How the Department of Homeland Security Is Bullying Sanctuary Cities
The Department of Homeland Security is amping up the pressure on so-called sanctuary cities, and it has an enthusiastic ally: Attorney General Jeff Sessions.
On Monday morning, DHS rolled out a report on undocumented immigrants with criminal charges or convictions who, the agency learned, were released from jails in sanctuary cities. President Donald Trump has ordered the agency to start releasing these reports once a week. It’s the first step of many to pressure local law enforcement to help the federal government enforce immigration laws.
Critics say the reports are part of an effort from the White House to shame cities into joining Trump’s so-called deportation force, locking up undocumented immigrants so U.S. Immigration and Customs Enforcement can pick them up to deport them. Trump and his allies say that pressure will help increase the number of deportations, which they argue will reduce crime.
The information in the DHS report is culled from local law enforcement. Local officers fingerprint the people they arrest, and that information goes to national databases. ICE then gets information about the arrestee, and if it’s a person they are seeking to detain and deport, the agency issues a detainer—meaning, a request that the local jurisdiction keep the undocumented immigrant in jail, even if he or she would otherwise have the right to leave. More than 600 jurisdictions in the U.S. refuse to hold undocumented immigrants for ICE, and the Trump administration wants that to change—and fast.
As part of the president’s effort to get it done, DHS will release a list every week of all the jurisdictions that released undocumented immigrants from custody instead of holding them so they could be deported.
This week’s list will likely put significant pressure on Travis County, Texas. The DHS report listed 206 people nationwide who were able to leave jail instead of being held to be picked up by ICE agents and deported. Of those 206 people, 142 were from Travis County.
Texas’s governor, Greg Abbott, released a statement ripping into the county over the report.
“Today’s report from DHS is deeply disturbing and highlights the urgent need for a statewide sanctuary city ban in Texas,” he said. “The Travis County Sheriff’s decision to deny ICE detainer requests and release back into our communities criminals charged with heinous crimes—including sexual offenses against children, domestic violence and kidnapping—is dangerous and should be criminal in itself. Texas will act to put an end to sanctuary policies that put the lives of our citizens at risk.”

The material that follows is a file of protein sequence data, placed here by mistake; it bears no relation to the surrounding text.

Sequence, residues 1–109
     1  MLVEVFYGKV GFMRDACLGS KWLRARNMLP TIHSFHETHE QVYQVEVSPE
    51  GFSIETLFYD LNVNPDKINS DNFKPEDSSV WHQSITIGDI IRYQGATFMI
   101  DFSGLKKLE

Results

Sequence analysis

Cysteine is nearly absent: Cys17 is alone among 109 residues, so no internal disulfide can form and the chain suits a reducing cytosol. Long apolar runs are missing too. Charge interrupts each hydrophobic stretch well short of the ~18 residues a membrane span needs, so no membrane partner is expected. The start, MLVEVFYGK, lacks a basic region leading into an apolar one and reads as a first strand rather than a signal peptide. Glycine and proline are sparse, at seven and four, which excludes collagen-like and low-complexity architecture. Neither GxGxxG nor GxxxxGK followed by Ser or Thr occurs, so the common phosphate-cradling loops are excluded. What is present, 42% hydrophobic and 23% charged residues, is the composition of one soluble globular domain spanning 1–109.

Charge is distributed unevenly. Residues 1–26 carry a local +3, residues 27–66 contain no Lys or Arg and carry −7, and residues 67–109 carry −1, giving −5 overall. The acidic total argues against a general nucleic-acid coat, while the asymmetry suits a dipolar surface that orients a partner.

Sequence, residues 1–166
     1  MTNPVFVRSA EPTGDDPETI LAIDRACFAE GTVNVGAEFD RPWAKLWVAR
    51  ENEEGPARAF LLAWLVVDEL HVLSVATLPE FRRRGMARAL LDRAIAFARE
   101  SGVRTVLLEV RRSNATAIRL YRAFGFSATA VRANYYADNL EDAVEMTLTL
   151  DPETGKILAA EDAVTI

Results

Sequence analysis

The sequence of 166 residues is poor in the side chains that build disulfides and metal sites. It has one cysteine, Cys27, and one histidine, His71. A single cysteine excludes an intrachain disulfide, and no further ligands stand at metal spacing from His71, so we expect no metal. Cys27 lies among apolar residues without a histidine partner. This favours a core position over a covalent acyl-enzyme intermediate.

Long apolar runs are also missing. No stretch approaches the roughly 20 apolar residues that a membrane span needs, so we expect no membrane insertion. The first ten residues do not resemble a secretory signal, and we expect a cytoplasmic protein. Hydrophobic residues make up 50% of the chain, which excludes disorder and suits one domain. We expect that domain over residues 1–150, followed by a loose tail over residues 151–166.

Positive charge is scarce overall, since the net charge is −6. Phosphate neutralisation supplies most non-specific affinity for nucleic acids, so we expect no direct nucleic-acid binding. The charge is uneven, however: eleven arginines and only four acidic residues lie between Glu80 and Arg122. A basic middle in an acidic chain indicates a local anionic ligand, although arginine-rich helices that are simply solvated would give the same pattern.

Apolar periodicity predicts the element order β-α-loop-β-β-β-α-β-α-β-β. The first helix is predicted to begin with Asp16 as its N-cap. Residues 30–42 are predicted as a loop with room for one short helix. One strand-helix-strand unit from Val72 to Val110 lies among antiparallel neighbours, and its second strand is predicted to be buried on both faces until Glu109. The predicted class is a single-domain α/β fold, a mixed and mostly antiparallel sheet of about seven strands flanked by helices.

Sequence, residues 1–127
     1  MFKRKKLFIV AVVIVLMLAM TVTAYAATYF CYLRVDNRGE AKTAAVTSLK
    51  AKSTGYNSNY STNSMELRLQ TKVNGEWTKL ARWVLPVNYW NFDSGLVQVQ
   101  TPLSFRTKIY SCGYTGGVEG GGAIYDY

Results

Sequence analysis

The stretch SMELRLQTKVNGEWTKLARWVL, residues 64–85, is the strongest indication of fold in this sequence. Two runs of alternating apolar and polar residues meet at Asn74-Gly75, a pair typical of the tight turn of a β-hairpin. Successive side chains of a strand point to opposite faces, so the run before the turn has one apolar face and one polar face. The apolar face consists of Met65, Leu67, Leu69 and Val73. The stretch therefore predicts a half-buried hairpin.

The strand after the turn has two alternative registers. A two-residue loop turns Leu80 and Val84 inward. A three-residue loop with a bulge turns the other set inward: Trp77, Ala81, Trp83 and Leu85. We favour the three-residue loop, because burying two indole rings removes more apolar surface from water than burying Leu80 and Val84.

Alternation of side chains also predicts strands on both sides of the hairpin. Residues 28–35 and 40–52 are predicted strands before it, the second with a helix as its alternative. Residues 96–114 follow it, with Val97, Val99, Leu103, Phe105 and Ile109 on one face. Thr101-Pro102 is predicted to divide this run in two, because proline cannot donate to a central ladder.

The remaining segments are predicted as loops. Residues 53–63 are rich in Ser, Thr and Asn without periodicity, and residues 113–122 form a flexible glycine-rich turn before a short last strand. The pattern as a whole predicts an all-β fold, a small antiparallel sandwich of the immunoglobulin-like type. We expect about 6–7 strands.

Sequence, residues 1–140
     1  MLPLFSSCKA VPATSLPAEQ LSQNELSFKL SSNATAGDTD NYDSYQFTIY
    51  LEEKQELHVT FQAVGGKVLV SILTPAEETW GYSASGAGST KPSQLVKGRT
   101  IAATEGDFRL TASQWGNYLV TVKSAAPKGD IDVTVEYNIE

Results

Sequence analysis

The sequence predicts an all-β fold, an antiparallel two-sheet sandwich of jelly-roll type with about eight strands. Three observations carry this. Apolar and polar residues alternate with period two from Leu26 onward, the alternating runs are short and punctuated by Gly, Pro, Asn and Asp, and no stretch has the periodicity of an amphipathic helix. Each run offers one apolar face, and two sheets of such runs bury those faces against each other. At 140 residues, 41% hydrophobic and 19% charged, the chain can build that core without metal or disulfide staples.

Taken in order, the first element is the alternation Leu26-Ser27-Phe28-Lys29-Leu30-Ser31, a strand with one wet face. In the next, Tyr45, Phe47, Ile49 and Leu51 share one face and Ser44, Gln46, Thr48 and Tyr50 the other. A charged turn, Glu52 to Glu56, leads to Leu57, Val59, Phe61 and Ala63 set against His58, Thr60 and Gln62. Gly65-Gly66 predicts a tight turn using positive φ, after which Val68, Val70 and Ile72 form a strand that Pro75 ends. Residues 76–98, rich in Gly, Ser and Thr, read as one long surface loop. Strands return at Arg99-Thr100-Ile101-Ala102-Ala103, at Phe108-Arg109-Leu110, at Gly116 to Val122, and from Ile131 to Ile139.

But that’s easier said than done. Sometimes jurisdictions that hold people in jail so they can be picked up by ICE get taken to court. And sometimes, according to Syracuse University’s Transactional Records Clearinghouse, ICE has inadvertently asked local jails to hold people who turn out to be U.S. citizens—834 people total, by its count, from 2008 to 2012. The Transactional Records Clearinghouse also found that another 28,489 lawful permanent residents were named on ICE detainers in that window of time.
Immigration restrictionist groups, like the influential Center for Immigration Studies, have long argued that local jails should have to hold people so ICE can pick them up. But civil rights groups, like the ACLU, say such a practice violates those people’s Fourth Amendment rights. The Supreme Court hasn’t ruled on the issue.
“It’s a shaming operation that is trying to bully local police departments into doing something that many believe is illegal and unsafe,” said Domenic Powell, an advocacy and policy strategist at the ACLU. “It makes it more difficult for police to speak with victims, for witnesses to come forward.”
In the summer of 2015, ICE detainers became a major campaign issue after the killing of a woman named Kathryn Steinle in San Francisco, allegedly by an undocumented immigrant. Her accused killer had been released from jail despite ICE having a detainer on him. Trump brought up the case every chance he got on the campaign trail. And now, the Trump administration is trying to twist arms.
“For an administration that claims to care about local law enforcement, this is total disrespect to the fact that those jurisdictions have sound legal, constitutional reasons for drawing a line at where and how and under what circumstances they’ll cooperate,” said Avideh Moussavian, a policy attorney at the National Immigrant Legal Center.
That isn’t a consensus view. Attorney General Jeff Sessions released a statement on Monday praising the DHS report.
“This important report demonstrates a clear and ongoing threat to public safety. It is not acceptable for jurisdictions to refuse to cooperate with federal law enforcement by releasing criminal aliens back into our communities when our law required them to be deported,” he said. “The Department of Justice will use all lawful authority to ensure that criminals who are illegally in this country are detained and removed swiftly and to hold accountable jurisdictions that willfully violate federal law.”
The sanctuary cities fight has the potential to be a defining legal and political battle of the Trump administration—and with the release of the first weekly report, it’s just getting started.